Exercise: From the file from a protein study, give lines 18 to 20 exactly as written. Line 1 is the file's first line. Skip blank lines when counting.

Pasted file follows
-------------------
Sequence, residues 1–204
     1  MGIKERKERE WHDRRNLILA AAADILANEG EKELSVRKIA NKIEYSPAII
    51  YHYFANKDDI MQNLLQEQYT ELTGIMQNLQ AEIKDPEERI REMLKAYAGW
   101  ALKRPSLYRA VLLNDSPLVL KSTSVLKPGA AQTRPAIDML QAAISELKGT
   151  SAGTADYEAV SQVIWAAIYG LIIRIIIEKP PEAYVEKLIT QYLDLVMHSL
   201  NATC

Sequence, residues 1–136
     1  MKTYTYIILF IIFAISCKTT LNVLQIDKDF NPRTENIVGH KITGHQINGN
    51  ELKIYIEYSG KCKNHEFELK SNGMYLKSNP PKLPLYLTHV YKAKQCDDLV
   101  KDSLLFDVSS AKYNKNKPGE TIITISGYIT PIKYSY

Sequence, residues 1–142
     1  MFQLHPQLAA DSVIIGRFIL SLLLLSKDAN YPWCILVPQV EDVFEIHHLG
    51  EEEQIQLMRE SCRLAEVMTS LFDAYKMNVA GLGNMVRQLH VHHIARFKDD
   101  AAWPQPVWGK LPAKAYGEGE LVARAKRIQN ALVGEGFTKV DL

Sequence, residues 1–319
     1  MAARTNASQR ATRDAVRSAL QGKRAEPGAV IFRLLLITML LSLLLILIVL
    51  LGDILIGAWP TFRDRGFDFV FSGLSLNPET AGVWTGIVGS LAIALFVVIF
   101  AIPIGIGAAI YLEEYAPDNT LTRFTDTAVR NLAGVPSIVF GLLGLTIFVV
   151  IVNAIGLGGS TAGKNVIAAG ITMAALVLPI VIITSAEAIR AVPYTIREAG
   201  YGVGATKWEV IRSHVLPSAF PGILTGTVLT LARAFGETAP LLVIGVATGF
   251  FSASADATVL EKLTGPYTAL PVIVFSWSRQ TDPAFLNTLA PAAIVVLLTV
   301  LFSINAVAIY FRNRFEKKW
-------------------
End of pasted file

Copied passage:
   101  AIPIGIGAAI YLEEYAPDNT LTRFTDTAVR NLAGVPSIVF GLLGLTIFVV
   151  IVNAIGLGGS TAGKNVIAAG ITMAALVLPI VIITSAEAIR AVPYTIREAG
   201  YGVGATKWEV IRSHVLPSAF PGILTGTVLT LARAFGETAP LLVIGVATGF